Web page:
God asked Solomon a question that I wish God would ask me:
“What shall I give you?”
Up until recently, if I was asked this question by God, my answer would have been, “Free me from homosexuality,” “take away this deep desire for me to be with another man.” In my time spent in prayer, I was like the persistent widow constantly asking God for this. This plea has not “yet” been answered. I say “yet” because I still hope that some day I will wake up and find myself attracted to the “GIRL-next door” instead of the “GUY-next door.”
This desire has intensified over the past couple months as I’ve found out that two of my closest Christian friends are engaged to be married.
Is this a selfish wish? Is this a wish that is in line with the word of God?
I am a Christian man, born, raised, and worshiping in the Covenant Church, who also happens to be sexually attracted to other men. I don’t like calling myself “gay,” because in my town, people (both inside and outside the church) associate “gay” with words like “promiscuous,” “flamboyant,” and “queen.” I do not fit any of these categories.
In my few failed attempts to connect with other gay men, I hesitate at calling myself a “Christian” because people outside the church (both gay and straight) associate “Christian” with words like “judgmental,” “hypocritical,” and “self righteous.”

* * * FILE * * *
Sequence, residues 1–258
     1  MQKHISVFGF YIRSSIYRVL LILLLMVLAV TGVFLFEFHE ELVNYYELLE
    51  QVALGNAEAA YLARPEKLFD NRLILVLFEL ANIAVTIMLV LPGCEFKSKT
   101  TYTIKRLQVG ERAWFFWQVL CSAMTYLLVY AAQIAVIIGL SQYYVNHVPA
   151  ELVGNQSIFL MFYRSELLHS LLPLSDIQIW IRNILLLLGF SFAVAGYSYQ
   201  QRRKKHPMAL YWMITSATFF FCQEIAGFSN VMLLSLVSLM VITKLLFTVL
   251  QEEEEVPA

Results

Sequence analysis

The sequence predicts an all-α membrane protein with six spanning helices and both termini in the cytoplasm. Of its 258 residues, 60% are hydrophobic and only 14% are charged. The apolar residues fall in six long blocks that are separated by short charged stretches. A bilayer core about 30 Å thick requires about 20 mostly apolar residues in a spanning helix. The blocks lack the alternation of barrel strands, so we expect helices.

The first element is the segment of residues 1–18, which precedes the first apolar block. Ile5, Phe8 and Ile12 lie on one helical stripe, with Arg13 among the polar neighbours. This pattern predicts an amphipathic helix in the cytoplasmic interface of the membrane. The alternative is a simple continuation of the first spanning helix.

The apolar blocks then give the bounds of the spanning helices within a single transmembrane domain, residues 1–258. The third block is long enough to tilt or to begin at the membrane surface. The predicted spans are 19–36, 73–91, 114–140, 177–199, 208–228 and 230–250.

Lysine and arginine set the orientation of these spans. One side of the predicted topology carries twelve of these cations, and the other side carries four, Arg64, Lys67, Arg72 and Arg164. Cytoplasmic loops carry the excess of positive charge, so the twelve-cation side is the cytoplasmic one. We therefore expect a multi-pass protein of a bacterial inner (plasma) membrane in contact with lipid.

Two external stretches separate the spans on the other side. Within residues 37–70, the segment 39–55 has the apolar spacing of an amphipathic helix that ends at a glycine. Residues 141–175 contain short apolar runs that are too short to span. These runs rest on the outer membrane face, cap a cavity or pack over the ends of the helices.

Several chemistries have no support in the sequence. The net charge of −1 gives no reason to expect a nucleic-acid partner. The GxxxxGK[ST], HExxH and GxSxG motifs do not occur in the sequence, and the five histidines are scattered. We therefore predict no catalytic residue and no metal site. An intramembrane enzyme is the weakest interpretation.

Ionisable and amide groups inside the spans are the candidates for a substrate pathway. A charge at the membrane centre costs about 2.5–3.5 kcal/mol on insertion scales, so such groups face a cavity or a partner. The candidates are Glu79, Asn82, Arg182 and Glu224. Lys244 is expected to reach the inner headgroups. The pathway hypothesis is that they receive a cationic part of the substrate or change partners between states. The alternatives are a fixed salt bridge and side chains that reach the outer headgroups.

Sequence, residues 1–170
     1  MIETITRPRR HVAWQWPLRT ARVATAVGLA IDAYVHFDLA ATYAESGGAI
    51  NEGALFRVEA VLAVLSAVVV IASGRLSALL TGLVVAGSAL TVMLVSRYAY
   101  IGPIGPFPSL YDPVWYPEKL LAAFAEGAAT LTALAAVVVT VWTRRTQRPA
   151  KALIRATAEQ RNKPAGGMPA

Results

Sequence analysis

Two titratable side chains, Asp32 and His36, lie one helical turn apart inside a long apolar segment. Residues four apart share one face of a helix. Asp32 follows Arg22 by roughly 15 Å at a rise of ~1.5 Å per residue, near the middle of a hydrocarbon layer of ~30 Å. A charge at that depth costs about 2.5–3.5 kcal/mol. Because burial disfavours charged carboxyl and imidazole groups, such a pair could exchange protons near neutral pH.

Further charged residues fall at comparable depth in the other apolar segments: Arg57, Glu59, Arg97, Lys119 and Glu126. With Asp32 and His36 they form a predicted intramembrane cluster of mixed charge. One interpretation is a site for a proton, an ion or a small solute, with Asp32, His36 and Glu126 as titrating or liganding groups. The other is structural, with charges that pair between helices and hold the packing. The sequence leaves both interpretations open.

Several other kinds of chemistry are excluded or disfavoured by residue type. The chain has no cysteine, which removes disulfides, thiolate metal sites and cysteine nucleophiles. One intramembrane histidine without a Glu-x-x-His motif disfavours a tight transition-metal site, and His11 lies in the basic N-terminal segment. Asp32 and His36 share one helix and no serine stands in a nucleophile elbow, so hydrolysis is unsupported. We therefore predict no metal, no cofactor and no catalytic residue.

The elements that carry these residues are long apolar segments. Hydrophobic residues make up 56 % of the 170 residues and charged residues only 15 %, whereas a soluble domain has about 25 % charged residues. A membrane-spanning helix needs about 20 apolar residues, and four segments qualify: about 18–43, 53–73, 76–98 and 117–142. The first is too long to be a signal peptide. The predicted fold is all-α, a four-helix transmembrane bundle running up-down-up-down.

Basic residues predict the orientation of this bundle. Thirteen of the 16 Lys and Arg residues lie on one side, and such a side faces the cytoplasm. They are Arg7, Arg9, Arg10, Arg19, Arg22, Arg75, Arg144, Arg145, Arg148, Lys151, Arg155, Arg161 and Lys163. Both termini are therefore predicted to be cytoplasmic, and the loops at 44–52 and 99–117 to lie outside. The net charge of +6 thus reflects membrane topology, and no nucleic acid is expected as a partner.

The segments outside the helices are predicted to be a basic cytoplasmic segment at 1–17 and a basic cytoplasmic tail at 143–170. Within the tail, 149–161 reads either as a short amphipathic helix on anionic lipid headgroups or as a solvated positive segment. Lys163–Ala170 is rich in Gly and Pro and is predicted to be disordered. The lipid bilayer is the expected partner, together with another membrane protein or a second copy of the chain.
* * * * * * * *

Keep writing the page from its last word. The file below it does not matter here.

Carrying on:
For me, trying to find my own identity is incredibly bewildering. Scripture and prayer has been an incredible source of comfort and guidance for me as I search for my identity. However, on the topic of homosexuality, it is lacking clarity. “Mom” reads it one way; “Dad” reads it another way. When getting an answer, I’d like to always go to the parent who will give me the answer that I want, but I’ve learned that neither “Mom” nor “Dad” is always right.
Since these answers are unclear to me, I feel like I am standing at an intersection on “Uncertainty Lane” not going anywhere in life. I am scared to pursue an intimate relationship for fear I will mess it up, and I am scared to share the Gospel with non-Christians for fear that I will be hypocritical or give people an inadequate image of Christianity.
In addition to the voices from the “Christian” community and the voices from the “gay” community influencing me, I also struggle with a very judgmental father and a mother who I love and do not want to disappoint. I know from experience how bad decisions can hurt those people that you love, and I fear that a wrong choice on my part could deeply wound the people who I love the most.
Questions about my future relationships race through my mind:
Do I hide my homosexual feelings and pursue a straight relationship? Do I try to find a woman who would become my partner with the understanding that I am gay? Do I attempt to be content with being single? Do I pursue a committed relationship with another man?
When I look at each of these options from a rational perspective, there are both challenges and rewards to each option. When I look at these options from a biblical perspective, I can pick out scriptures that could be interpreted to support each option. On the other hand, I can also pick out scriptures that could be interpreted to oppose each option.